This morning I ran for the first time in 4 weeks. A short run dodging ice and cars. On December 26, after dropping my brother off at the airport in Philly, I spent 8 hours driving home in the worst driving conditions I've ever experienced. I can normally bust that drive out in about two and a half hours. Little did I know that Christmas morning would be the last trail run I did for god knows how long. At the same time I was hit with a nasty sinus infection that dropped down to my lungs. Walking up stairs made me short of breath so running was out. The end result is that I had to drop from the HAT Run 50k because there was no way I was going to get in the miles that I needed to finish the race. It was a bummer and a relief.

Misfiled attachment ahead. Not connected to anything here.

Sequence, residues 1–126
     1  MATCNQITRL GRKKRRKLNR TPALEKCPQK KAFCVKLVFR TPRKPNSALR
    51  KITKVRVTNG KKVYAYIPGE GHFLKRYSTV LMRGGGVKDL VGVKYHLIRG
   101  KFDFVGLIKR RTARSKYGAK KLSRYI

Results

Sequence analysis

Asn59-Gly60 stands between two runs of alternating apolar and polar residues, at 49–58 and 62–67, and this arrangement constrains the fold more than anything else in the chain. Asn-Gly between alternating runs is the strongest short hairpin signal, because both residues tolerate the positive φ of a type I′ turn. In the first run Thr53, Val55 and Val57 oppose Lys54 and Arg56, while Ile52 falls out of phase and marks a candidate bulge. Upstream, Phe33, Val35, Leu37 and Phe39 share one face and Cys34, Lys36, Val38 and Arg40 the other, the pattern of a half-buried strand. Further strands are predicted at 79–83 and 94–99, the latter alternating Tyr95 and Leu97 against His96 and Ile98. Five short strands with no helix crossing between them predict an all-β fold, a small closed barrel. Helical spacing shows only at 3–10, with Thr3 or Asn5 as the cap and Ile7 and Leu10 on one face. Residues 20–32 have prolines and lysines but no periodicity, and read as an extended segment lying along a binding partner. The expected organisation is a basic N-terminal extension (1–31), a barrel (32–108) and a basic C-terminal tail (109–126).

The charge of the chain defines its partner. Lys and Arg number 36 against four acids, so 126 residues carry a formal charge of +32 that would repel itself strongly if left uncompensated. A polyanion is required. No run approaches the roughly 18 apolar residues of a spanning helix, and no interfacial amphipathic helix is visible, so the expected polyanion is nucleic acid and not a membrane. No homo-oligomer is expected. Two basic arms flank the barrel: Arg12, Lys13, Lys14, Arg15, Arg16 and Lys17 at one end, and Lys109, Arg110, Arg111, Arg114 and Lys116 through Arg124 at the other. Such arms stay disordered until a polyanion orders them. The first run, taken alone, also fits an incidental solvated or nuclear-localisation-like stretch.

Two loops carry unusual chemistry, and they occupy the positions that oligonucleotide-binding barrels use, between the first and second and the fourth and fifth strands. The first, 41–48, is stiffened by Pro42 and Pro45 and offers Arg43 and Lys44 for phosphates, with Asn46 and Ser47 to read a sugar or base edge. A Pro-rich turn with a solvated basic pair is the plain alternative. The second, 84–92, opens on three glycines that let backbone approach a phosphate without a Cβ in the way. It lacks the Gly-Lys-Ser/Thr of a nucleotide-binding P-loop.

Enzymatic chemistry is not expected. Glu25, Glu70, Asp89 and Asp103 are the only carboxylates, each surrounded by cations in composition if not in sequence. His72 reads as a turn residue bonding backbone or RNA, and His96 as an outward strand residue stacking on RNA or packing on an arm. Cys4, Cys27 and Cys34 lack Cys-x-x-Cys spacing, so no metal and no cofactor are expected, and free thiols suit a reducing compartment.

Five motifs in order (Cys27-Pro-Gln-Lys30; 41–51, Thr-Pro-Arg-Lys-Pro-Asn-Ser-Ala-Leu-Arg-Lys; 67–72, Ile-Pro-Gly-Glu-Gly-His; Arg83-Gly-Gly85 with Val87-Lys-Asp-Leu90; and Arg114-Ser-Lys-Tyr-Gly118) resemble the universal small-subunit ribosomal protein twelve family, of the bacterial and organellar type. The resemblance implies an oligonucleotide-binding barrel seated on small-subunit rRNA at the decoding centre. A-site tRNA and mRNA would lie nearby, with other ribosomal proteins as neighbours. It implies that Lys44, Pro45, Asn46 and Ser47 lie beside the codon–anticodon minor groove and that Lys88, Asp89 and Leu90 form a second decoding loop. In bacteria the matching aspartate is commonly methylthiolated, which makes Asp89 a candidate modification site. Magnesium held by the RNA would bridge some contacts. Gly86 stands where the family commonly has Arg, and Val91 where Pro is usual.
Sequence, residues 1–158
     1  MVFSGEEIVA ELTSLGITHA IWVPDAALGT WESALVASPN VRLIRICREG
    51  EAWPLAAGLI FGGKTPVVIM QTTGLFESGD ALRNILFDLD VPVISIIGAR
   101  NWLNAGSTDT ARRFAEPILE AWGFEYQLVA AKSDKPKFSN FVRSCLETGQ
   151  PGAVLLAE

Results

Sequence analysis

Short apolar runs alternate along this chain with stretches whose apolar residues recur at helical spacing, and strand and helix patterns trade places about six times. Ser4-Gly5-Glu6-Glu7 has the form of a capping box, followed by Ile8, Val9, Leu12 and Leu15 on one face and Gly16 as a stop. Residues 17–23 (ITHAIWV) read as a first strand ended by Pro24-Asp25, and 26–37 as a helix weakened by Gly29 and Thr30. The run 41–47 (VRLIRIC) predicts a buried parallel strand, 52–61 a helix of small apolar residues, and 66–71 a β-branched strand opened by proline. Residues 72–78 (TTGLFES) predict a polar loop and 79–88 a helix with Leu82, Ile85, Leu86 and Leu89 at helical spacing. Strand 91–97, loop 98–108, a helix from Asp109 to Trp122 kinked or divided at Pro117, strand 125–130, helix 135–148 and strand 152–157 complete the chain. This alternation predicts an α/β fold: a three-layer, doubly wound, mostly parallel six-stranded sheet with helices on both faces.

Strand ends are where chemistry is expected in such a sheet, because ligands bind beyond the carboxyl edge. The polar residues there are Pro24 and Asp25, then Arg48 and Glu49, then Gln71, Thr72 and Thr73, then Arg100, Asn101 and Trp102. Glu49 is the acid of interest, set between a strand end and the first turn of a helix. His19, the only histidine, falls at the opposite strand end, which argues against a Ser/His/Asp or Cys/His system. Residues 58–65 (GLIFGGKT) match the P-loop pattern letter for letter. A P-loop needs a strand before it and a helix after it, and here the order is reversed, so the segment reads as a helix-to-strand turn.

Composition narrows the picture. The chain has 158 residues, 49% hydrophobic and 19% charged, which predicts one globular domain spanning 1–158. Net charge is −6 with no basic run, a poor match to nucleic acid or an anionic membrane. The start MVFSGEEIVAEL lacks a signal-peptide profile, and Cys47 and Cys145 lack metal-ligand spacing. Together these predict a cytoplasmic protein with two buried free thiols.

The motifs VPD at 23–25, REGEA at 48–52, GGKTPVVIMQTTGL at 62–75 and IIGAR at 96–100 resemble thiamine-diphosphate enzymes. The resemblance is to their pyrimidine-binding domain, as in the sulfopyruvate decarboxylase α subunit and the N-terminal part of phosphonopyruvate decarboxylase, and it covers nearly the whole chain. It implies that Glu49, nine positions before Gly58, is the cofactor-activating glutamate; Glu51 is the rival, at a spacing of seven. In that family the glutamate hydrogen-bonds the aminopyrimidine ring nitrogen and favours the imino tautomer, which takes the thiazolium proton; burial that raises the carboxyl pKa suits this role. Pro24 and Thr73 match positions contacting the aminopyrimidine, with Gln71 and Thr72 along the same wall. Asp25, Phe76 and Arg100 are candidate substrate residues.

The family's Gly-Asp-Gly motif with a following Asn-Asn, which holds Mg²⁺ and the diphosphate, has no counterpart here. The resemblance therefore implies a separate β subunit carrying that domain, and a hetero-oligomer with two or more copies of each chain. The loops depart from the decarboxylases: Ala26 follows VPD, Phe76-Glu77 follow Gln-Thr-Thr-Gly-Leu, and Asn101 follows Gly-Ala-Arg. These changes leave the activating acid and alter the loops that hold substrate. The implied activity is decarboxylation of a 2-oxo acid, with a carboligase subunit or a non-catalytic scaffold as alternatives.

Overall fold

When I switched my training over to dirt roads I started to have all kinds of issues with my legs that I hadn't experienced since I left the road for trails. Even with a looong warm up I still had shin splints and sore knees. That, coupled with the absolutely mind numbing boredom of running on the road turned my training from something I looked forward to into another miserable commitment I had to keep. The discomfort I felt on the roads made me doubt that I could finish any trail run that had more flat and runnable sections than the more technical terrain I'm used to running these days. I guess the tech trails call upon so many different muscle groups that I don't experience the repetitive pounding that I do on smooth surfaces. It's counterintuitive but I guess that's the bizarre world I inhabit.
So I spent the last month reading endless Ultra blogs (IrunFar, Ellie Greenwood, Geoff Roes, Wilderness Running Company, Mountain Peak Fitness, etc.) and feeling guilty about having all this nice new running gear I got for Christmas and still sitting on my stupid ass.
I went from this: